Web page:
0710: Coral Then and Now

ArtMurphy_01

Whenever I hear or see the word “coral” I stop to take notice. Here in this small area of the Hudson Valley I find various types of fossil coral – all from the Devonian Period, roughly 385 million years ago. In fact, one of my finds, a rather large piece of honeycomb coral, now resides in the collection of the Yale Peabody Museum of Natural History. So I am always on the alert for anything coral.

coral_turtle

Yesterday I ran across an article online that led to a wonderful break in the day’s routine (one that I highly recommend). The article told of Google Street taking viewers underwater to visit existing coral reefs (see article here). The article is loaded with great links, including Oceans, where the coral images reside.

coral2

These are compelling, 360 degree views, technically brilliant and breathtaking in their scope and diversity. They are the product of the Catlin Seaview Survey, a group dedicated to recording and preserving the world’s coral reefs. While I dig up remnants of deep time coral I can only imagine the world in which they lived. These Survey images seem to confirm the amazing diversity that probably existed as much then as it does now.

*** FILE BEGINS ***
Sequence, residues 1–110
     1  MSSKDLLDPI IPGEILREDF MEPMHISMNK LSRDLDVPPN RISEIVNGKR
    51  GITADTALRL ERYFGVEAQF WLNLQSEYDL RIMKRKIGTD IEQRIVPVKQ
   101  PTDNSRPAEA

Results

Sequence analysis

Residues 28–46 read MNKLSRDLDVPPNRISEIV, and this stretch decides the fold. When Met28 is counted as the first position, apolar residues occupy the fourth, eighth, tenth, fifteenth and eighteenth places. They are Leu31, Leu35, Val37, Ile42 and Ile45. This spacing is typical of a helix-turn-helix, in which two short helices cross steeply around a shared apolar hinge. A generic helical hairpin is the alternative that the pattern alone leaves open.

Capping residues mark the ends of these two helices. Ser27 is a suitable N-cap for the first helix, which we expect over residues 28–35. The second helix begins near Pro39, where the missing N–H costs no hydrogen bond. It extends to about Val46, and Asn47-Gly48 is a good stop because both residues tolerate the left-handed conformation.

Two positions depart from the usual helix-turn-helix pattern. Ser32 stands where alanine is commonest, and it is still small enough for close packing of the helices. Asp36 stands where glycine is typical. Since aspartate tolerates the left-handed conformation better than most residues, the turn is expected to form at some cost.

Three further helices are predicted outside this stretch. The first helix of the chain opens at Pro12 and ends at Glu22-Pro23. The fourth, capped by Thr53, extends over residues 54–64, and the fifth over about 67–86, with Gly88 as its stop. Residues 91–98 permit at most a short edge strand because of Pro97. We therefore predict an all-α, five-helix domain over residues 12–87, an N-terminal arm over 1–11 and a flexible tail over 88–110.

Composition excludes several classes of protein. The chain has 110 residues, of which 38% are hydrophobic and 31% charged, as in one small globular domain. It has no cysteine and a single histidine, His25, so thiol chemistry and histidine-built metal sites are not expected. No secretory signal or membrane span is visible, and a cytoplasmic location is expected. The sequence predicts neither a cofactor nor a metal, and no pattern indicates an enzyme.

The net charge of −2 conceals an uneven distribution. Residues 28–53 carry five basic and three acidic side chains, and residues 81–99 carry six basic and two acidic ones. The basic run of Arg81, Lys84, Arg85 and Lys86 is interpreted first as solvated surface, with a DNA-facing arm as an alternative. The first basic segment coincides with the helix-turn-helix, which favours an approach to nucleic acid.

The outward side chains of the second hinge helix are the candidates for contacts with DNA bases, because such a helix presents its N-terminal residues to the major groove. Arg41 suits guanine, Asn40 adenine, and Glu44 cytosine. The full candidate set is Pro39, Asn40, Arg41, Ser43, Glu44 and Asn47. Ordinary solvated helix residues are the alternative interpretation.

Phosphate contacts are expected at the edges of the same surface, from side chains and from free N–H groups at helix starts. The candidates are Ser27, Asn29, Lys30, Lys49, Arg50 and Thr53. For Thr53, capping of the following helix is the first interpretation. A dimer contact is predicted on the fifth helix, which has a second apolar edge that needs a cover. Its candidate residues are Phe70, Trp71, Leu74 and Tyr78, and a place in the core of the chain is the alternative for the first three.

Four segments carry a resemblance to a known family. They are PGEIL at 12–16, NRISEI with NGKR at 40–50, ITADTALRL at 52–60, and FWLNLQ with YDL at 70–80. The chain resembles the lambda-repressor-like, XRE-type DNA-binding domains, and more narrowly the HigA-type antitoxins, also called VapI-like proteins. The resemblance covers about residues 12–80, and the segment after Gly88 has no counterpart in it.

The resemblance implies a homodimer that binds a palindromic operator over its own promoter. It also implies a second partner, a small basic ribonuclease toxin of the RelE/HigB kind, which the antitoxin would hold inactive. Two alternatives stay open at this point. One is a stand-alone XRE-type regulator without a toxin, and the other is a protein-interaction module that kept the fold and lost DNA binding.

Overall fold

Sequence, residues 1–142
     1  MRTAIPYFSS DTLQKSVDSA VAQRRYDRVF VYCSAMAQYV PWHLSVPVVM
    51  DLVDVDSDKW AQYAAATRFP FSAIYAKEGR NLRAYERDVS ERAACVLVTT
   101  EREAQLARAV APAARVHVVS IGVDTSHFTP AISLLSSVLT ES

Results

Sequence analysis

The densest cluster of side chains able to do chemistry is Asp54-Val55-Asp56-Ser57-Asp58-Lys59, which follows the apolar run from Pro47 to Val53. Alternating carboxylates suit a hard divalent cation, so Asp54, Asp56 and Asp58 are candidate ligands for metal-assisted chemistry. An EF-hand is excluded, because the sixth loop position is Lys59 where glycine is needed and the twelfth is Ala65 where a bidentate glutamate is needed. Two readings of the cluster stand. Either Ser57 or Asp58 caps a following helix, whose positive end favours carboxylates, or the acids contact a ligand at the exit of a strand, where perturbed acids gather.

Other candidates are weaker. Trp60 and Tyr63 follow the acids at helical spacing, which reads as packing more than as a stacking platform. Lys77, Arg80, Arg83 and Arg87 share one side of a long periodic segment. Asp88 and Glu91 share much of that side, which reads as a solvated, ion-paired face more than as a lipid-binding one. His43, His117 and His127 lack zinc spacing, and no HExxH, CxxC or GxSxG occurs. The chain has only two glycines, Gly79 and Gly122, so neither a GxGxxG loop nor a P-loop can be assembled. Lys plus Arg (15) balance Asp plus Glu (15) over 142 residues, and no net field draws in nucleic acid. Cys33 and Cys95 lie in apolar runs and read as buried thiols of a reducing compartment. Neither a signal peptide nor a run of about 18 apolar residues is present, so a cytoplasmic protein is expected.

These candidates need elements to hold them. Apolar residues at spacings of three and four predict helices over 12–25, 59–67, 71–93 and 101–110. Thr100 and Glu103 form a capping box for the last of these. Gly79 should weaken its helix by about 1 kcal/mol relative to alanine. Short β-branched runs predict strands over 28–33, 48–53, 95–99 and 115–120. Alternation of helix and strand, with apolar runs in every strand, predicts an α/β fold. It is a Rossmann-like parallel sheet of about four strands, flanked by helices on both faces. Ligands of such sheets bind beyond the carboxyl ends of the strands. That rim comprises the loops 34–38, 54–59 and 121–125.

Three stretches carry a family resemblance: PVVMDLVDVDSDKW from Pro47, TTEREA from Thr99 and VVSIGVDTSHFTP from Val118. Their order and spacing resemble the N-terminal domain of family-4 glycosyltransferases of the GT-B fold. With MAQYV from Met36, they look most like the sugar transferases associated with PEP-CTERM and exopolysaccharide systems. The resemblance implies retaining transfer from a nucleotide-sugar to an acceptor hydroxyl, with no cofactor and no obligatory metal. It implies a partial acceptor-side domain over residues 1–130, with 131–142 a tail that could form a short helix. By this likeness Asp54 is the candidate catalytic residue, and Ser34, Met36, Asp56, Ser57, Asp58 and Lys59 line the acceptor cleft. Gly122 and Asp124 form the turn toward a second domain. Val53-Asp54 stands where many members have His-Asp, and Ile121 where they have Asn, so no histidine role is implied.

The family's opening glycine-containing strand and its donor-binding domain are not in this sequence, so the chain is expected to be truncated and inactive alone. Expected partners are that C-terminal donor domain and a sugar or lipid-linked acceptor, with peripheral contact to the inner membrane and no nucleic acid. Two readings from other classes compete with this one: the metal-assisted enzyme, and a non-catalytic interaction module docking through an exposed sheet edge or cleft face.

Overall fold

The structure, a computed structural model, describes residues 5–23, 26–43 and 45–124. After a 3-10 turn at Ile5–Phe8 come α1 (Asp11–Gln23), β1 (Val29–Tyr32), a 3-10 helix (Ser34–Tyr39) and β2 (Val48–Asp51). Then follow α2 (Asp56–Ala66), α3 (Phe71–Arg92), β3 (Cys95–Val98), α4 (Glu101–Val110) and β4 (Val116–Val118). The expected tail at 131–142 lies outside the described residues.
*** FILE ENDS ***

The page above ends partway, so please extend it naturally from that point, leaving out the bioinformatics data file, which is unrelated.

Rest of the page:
IMG_8487_01b

So today I’ve decided to resurrect some of my Devonian coral images and intersperse them with screen grabs I took from the Oceans site. More Catlin images and videos can be found here.

coral6

*****

IMG_4558_01_LR_15*****

coral3

*****

IMG_1895_01_LR_10

*****

coral4

*****

Hudson Valley fossil 4

*****

coral5

*****

IMG_9747_8_01a_LR

*****

IMG_4383_01_LR

_______________

I’ll finish today with a piece from my upcoming show at the Beacon Artist Union, set to open on August 9. More on that over the next few weeks as I continue printing.

IMG_0724s_01_LR_10

 As always, thanks for the visit.

Advertisements

6 thoughts on “0710: Coral Then and Now

    • Thanks for the note Gil. Sure, I could always use more. I’m always interested in them. I have a couple, as well as the PRI softbound (Devonian Paleontology of NY). I even picked up an 1887 volume #6 of Hall’s Natural History series. Old or new I’m always fascinated.

      All the best

      Art

Leave a Reply

Fill in your details below or click an icon to log in:

WordPress.com Logo

You are commenting using your WordPress.com account. Log Out / Change )

Twitter picture

You are commenting using your Twitter account. Log Out / Change )

Facebook photo

You are commenting using your Facebook account. Log Out / Change )

Google+ photo

You are commenting using your Google+ account. Log Out / Change )

Connecting to %s